Nick Paleologus is summoned to the unyielding bosom of his family to help resolve a dispute which threatens to set his brothers and sisters against their aged and irascible father. Michael Paleologus, retired archaeologist and supposed descendant of the last Emperors of Byzantium, lives alone at Trennor, a remote and rambling house on the Cornish bank of the Tamar. A ridiculously generous offer has been made for the house, but he refuses to sell despite the urgings of his children, for whom the proceeds would solve a variety of problems. Nick accomplishes little in the role of mediator, but the stalemate is soon tragically broken. Only then do Nick and his siblings discover why their father was bound at all costs to reject the offer and what may really be the motives of the prospective buyer. Their increasingly desperate efforts to conceal the truth drag them into a deadly conflict with an unseen and unknown enemy, who seems as determined to force them into a confrontation with their family's past as he is to conceal his own identity. Late in the day, perhaps too late, Nick realizes that the only way to escape from the trap their persecutor has set for them is to hunt him down, wherever - and whoever - he may be. But the hunt involves excavating a terrible secret from their father's archaeological career. And once that secret is known, nothing will ever be the same again.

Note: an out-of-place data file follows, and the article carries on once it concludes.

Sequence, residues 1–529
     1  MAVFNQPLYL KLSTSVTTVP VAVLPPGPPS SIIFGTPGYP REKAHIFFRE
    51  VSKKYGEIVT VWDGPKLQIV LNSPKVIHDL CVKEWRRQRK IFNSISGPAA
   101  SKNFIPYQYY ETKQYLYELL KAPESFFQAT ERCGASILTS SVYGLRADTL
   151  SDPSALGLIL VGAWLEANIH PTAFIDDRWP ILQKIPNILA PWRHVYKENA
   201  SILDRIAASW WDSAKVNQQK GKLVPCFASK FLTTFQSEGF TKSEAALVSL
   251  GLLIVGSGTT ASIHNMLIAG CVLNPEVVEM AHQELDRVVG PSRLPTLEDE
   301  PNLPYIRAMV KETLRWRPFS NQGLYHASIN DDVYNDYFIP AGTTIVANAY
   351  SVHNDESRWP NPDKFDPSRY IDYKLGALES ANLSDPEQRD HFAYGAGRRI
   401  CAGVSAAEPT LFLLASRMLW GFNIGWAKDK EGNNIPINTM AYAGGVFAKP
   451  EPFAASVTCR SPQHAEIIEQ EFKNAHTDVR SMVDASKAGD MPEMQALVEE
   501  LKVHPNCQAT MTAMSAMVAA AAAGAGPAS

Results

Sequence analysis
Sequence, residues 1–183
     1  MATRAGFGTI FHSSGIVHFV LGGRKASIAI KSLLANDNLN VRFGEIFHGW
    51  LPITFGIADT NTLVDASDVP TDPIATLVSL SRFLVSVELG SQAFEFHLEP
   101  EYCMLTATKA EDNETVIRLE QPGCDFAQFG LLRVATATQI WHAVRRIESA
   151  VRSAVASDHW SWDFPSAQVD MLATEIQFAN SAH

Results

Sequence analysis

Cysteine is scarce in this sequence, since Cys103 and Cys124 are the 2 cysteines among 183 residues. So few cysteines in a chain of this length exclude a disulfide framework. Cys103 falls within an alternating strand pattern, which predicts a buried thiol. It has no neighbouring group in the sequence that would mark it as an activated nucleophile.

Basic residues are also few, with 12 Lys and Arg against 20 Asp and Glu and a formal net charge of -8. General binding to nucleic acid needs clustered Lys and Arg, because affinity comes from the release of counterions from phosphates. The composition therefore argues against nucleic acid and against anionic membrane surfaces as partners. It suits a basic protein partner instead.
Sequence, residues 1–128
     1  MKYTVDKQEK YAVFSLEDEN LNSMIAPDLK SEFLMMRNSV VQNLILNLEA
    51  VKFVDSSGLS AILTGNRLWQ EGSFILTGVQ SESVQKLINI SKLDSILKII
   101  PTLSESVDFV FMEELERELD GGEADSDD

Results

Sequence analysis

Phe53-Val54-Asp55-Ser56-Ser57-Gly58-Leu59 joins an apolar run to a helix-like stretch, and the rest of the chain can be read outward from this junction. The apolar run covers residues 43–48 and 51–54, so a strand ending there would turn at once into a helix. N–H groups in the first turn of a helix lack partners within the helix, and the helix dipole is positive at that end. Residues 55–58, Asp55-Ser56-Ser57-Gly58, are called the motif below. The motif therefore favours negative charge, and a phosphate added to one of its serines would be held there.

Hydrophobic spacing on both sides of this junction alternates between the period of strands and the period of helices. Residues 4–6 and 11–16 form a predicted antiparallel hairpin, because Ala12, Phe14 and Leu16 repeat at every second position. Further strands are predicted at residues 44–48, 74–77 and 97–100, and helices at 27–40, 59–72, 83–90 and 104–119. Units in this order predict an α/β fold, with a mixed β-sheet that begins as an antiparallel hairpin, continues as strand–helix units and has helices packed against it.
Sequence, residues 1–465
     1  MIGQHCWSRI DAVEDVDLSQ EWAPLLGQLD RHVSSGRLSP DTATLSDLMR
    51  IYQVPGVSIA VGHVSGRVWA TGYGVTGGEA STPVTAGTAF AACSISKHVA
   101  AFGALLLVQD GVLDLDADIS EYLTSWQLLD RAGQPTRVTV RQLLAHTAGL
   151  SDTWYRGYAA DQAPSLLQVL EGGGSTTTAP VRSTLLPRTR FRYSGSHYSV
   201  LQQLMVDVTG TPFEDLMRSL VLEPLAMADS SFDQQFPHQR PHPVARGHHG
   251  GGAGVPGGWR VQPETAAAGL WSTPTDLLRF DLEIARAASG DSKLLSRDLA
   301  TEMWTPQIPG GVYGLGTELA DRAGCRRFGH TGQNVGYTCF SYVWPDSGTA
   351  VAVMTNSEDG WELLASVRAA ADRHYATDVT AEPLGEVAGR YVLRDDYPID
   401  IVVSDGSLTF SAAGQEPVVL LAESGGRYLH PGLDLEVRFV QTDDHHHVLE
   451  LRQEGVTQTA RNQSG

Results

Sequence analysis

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by Clare Morrall
by Samantha Harvey
by Paul Sussman
by Robert Clark
by Robert R. McCammon
by Robert Goddard
by C.J. Sansom
by Jon Gordon, Ken Blanchard
by William Brodrick
by Hilary Mantel
"Gordon Griffin's voice, while not melodious or powerful, is perfectly pleasant, but his skill in characterizing voices is remarkable. He changes not so much his tone (though he does that) as his manner of speaking. Every speaker is clearly differentiated but by such subtle means that we are never distracted, and even quick back-and-forth dialogue sounds like two people. The novel, about modern skullduggery linked to Byzantine history, the Templars, and a holy relic (Dan Brown fans, note), has some early talky patches even Griffin can't remedy. But the persistent listener will be rewarded by a thoughtful, intriguing puzzler that surprises again and again, delivered by a master who makes it seem effortless. W.M. (c) AudioFile 2005, Portland, Maine"
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